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From Wikipedia, the free encyclopedia

Cottages at Smailholm village
Cottages at Smailholm village

Smailholm (Scots: Smailhowm)[1] is a small village in the historic county of Roxburghshire in south-east Scotland. It is at grid reference NT648364 and straddles the B6397 Gordon to Kelso road. The village is almost equidistant from both, standing 6 miles (10 km) northwest of the abbey town of Kelso. Since local government reorganisation in Scotland in the early 1970s, Smailholm has been part of the Scottish Borders Council.

History

Smailholm, in keeping with most of the south eastern part of Scotland, was part of the ancient Kingdom of Northumbria and was named from the Old English language as Smael Ham, meaning "narrow village".[2] In early mediaeval times, the village was larger than it is now and was divided into three separate parts, East Third, West Third and Overtown. Sir Walter Scott, as a boy, was a regular visitor to his grandfather's farm at Sandyknowe. Captain Cook's mother Jean was born in Smailholm and married his father in Smailholm Church. Before the end of the 18th century, there were two schools in the village, a parochial school and a private establishment at Sandyknowe. St. Cuthbert is believed to have been born at Wrangham, a long disappeared village at New Smailholm. King Edward I of England passed through Smailholm in 1303 on his march to Lauder.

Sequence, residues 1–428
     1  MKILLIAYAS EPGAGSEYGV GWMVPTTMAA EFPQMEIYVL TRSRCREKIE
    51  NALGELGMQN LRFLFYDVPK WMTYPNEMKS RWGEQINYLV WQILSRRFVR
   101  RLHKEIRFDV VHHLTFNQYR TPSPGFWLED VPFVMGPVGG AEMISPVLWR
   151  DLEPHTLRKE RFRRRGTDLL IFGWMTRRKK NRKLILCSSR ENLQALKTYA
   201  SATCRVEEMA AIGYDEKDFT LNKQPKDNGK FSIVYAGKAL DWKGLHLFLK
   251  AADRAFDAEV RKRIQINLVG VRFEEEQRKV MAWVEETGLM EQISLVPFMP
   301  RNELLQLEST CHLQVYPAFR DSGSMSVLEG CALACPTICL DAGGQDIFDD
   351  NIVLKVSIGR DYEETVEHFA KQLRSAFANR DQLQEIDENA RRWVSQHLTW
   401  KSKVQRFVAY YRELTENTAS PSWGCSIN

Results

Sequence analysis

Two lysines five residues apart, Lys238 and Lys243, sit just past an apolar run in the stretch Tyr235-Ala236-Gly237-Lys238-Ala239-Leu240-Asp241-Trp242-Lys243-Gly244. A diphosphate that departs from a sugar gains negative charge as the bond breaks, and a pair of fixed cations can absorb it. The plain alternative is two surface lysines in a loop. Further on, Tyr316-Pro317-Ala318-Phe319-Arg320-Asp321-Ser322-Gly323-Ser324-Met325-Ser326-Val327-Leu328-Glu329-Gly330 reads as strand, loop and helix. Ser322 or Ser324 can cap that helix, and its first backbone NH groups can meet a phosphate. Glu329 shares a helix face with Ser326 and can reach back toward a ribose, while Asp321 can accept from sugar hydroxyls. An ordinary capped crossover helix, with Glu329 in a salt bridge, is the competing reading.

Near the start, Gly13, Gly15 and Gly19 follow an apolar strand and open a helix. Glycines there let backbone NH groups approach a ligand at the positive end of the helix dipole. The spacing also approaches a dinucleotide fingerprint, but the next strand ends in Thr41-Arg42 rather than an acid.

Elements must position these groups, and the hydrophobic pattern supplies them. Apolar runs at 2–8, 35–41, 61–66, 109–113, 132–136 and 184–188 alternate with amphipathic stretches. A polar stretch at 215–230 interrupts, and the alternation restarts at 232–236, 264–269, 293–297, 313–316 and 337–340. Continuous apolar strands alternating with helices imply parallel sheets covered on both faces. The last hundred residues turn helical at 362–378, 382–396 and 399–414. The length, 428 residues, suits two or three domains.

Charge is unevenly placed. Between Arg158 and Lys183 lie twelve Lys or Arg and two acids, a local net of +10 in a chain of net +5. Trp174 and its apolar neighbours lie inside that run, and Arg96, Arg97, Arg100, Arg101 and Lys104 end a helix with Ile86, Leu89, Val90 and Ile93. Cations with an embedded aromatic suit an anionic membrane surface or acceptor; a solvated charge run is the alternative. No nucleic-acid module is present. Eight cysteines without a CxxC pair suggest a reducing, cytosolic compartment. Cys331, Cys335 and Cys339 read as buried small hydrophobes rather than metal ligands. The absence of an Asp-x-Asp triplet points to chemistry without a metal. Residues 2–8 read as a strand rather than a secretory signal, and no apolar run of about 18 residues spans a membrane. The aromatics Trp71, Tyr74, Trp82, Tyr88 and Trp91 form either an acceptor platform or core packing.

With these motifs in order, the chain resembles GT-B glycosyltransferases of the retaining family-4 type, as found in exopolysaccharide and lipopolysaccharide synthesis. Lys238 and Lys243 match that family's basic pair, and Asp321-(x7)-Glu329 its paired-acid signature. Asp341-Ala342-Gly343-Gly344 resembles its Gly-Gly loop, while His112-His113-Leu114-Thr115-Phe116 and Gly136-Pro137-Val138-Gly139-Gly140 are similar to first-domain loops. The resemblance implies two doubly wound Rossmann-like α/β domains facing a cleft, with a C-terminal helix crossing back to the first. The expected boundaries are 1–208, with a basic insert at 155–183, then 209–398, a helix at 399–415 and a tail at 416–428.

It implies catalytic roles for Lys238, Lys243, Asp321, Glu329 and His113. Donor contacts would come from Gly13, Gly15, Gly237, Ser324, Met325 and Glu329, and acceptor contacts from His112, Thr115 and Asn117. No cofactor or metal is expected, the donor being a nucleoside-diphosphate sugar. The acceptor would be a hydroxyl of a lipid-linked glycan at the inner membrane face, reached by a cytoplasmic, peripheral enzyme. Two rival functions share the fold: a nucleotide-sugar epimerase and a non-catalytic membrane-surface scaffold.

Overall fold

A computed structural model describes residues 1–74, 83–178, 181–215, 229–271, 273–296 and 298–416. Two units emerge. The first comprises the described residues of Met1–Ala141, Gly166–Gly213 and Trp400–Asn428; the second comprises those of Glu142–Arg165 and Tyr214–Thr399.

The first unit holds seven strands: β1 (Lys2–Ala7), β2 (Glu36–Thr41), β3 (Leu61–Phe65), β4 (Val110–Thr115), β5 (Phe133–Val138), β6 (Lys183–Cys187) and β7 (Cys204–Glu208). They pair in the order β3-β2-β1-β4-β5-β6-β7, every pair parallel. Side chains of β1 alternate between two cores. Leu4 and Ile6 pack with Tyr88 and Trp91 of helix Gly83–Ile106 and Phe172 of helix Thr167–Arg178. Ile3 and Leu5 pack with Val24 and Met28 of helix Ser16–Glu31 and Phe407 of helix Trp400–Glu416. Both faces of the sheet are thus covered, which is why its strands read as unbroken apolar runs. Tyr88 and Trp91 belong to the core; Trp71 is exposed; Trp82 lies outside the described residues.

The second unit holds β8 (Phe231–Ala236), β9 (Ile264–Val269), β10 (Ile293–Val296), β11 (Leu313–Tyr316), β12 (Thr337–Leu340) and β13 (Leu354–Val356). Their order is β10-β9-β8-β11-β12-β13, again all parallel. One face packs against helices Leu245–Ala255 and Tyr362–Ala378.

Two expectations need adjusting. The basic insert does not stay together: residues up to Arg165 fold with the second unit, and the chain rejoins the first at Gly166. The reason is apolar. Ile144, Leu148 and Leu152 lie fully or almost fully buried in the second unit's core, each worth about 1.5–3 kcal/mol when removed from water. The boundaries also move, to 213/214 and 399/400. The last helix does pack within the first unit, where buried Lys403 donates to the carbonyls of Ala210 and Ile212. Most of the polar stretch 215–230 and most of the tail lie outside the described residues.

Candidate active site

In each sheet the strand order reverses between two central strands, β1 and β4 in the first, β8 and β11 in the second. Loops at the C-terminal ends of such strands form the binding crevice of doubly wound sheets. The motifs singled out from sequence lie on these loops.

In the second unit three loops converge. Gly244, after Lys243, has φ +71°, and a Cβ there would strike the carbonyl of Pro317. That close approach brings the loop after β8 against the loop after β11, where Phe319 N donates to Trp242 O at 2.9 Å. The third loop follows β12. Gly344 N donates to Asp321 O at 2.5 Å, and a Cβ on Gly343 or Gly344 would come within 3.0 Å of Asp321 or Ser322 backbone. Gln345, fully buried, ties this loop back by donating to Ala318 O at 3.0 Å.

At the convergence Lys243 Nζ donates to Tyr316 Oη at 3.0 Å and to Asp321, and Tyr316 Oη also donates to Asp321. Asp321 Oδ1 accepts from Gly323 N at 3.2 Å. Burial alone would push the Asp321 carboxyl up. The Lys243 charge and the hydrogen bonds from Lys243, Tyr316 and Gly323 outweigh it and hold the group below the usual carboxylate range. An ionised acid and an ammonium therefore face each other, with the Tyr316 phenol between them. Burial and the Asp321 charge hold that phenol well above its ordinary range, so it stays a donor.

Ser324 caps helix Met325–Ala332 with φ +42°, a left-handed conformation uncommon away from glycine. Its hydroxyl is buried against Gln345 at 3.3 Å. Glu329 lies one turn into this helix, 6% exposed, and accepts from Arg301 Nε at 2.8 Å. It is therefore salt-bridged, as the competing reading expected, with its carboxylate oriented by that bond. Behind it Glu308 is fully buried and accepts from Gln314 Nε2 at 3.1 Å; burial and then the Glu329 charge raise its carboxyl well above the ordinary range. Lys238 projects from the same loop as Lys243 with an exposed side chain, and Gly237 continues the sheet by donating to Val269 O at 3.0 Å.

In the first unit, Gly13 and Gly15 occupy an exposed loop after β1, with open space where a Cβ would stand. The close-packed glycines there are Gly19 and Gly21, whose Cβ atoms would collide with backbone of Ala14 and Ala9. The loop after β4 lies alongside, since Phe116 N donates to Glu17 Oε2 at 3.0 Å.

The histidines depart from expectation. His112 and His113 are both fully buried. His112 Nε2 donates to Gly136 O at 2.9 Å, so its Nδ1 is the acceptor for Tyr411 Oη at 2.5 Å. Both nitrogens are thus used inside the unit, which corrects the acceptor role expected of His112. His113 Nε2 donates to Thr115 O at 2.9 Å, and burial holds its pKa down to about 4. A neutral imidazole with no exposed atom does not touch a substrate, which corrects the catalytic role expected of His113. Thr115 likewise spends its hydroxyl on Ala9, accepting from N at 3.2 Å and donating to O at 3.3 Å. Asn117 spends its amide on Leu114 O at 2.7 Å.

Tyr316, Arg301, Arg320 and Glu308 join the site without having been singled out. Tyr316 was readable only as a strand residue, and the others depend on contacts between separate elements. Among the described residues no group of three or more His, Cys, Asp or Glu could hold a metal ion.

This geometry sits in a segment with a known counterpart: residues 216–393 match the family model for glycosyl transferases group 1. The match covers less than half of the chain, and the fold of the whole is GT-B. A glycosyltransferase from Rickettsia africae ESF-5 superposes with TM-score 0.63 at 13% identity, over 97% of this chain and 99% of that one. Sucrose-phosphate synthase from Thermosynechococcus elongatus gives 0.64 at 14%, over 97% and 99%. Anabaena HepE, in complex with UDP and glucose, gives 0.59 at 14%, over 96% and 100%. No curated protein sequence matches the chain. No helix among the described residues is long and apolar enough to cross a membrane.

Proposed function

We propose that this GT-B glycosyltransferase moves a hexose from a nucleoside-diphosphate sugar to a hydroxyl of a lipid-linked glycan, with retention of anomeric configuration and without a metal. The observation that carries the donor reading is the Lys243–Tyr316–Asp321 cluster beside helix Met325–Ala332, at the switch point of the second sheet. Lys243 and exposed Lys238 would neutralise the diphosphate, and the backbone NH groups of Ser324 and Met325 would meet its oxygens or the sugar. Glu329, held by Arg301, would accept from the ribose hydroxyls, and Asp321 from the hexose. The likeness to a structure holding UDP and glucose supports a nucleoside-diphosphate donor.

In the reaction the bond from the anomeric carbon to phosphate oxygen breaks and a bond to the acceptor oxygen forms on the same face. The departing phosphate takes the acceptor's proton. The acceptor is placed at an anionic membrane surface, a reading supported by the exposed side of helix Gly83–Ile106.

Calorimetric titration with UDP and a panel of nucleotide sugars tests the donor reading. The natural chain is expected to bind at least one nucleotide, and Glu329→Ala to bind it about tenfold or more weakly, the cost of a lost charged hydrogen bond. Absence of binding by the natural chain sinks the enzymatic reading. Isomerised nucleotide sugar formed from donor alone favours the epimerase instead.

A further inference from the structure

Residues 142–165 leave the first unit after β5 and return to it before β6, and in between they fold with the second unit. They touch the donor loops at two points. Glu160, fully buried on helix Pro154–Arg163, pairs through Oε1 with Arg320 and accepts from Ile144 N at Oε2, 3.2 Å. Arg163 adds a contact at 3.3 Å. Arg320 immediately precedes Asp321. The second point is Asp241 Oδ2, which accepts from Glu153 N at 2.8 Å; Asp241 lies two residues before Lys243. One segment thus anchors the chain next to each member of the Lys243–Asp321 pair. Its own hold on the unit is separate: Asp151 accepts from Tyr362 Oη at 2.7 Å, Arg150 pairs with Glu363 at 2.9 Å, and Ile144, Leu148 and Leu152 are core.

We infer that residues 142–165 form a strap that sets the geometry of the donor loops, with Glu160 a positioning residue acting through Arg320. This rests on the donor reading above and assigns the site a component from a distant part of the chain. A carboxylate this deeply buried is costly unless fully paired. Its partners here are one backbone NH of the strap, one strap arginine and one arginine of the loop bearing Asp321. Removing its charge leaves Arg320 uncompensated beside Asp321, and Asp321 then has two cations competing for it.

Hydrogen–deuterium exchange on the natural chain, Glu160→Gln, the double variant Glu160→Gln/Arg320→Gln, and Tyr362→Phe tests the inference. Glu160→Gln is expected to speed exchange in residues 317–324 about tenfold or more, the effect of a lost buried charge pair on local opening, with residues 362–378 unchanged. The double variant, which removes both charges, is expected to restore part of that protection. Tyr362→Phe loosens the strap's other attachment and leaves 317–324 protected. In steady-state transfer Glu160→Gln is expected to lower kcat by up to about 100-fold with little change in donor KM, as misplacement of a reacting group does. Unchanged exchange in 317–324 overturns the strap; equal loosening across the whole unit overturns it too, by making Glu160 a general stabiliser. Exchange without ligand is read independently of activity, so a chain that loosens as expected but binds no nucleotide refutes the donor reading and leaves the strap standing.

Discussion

Smailholm Church
Smailholm Church

Church

David de Oliford was granted the church and manor of Smailholm in the 12th century by King David I of Scotland. De Oliford subsequently granted the church and its tithes to the Benedictine monks of Coldingham Priory who held the church until the Scottish Reformation in 1560. Smailholm Kirk avoided demolition after the Reformation, and parts of an early Norman structure can still be seen in the chancel. The present church has had major renovation and renewal in 1632 and 1820.[3] The church contains fine stained glass windows from 1907 commemorating Sir Walter Scott. Some of the ministers in the early years of the reformed church include David Forsyth, Archibald Oswald and James Hunter.

Smailholm Tower

Smailholm Tower in the winter
Smailholm Tower in the winter

Smailholm Tower, one in a string of Borders keeps guarding the Tweed valley, was built not later than the early 15th century, when it was held by the powerful Pringle family,[4] four of whom were killed at the Battle of Flodden in 1513. The tower passed, in 1745, to the Scotts of Harden, but they left the structure in 1800. The tower fell into a perilous condition but was partially restored in the 1980s and is now in the care of Historic Scotland.

In popular culture

  • Smailholm appeared in the third case of Ben Jordan: Paranormal Investigator, in which the titular hero investigates the mysterious ritual murder of two local girls, and discovers a shocking secret about the town à la The Wicker Man.
  • It features in the book by C.L. Williams titled Smailhom, in which thirteen-year-old Wynn discovers a miniature village hidden close to Smailholm Tower.[5]

See also

The Village Hall at Smailholm
The Village Hall at Smailholm

References

www.smailholm.bordernet.co.uk/

External links and further reading

More photographs

Geograph images at grid reference NT6436

This page was last edited on 26 March 2020, at 21:28
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